- A summary of the GUI and how it works is given in the pdf file.
- The GUI (a MATLAB p-file and fig file) are available here (both needed).

## Matlab GUIs - cruise control

Demonstrates how PI control is effective for cruise control of a car. Specifically it allows the user to explore the impact of uncertainty on the behaviour of speed. This GUI allows for variations in the car mass, engine power and road slope, that is three different types of realistic uncertainty.

- A summary of the GUI and how it works is given in the pdf file.
- The GUI (a MATLAB p-file and fig file) are available here (both needed).

## Matlab GUIs - experimental modelling of a DC servo

Demonstrates an experimental technique for finding the parameters of a 1st order model representing the dynamics of a DC servo (between applied voltage and steady-state velocity). Students are encouraged to use the GUI in a formulaic way to represent the processes required with equipment.

- A summary of the GUI and how it works is given in the pdf file.
- The GUI (a MATLAB p-file, fig file and a simulink file) are available here (all 3 are needed).

## Matlab GUIs - landing aircraft

This GUI is a bit of fun and looks at 2nd order dynamics (Mass-spring-damper) through the passenger motion of a landing aircraft. Users investigate the effects of different choices on passenger comfort.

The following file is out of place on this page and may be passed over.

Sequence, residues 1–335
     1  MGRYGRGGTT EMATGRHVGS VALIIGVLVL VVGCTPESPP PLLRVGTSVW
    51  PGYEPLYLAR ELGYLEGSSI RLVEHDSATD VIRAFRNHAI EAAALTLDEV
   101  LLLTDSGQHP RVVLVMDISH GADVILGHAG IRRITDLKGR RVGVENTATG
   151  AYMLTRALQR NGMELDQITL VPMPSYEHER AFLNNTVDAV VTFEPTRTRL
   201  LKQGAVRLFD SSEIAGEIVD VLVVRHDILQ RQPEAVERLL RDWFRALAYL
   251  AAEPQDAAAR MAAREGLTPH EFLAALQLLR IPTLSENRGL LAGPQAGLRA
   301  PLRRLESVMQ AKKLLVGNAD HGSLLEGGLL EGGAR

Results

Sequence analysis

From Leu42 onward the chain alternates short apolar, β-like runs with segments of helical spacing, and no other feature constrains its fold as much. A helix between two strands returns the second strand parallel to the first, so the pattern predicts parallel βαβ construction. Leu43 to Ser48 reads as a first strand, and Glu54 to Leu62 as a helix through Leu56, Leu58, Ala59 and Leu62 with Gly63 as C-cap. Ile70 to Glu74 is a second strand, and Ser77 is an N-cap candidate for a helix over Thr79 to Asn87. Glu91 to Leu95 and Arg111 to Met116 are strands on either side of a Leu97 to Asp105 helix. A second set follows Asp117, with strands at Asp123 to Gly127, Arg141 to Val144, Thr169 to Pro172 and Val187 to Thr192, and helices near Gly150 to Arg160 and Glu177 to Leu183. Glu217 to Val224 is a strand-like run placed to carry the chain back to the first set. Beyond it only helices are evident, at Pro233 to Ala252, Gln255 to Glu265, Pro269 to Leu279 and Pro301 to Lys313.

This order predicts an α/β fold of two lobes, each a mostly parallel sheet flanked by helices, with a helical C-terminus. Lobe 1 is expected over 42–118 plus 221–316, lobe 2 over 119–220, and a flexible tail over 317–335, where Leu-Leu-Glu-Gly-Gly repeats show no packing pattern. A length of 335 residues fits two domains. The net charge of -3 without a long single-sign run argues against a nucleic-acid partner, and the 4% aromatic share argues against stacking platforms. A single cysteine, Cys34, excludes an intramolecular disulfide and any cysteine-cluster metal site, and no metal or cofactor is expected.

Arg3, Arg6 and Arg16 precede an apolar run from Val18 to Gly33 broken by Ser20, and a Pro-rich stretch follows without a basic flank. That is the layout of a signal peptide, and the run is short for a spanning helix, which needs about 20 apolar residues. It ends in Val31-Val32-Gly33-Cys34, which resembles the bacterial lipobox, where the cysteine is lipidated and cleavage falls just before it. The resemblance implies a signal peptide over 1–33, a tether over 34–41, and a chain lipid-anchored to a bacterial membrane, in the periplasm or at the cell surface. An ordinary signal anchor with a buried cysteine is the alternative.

- A summary of the GUI and how it works is given in the pdf file.
- The GUI (a MATLAB p-file and fig file) are available here (both needed).

## Matlab GUIs - heat exchanger

This GUI illustrates the dynamic behaviour of a simple steam powered heat exchanger. The key variables are the temperature of the inlet flow, the flow rate through the exchanger, the tank volume and the flow rate of steam. As the USER modifies each of these, they will be able to oberve the impact on outlet temperature dynamics.

- A summary of the GUI and how it works is given in the pdf file.
- The GUI (a MATLAB p-file and fig file) are available here (both needed).
- A short video demonstration of how to use this GUI.

## Matlab GUIs - heat exchanger with disturbances

This GUI builds on the previous one and introduces uncertainty that is present in real world scenarios. The main purpose is to help students understand the need for closed-loop control. The system is affected by small but time varying disturbances to the inflow temperature and flow rate. Users are challenged to maintain the desired outlet temperature using open-loop or manual control (dynamically changing the steam flow directly through a slider) and then to compare this with automatic control.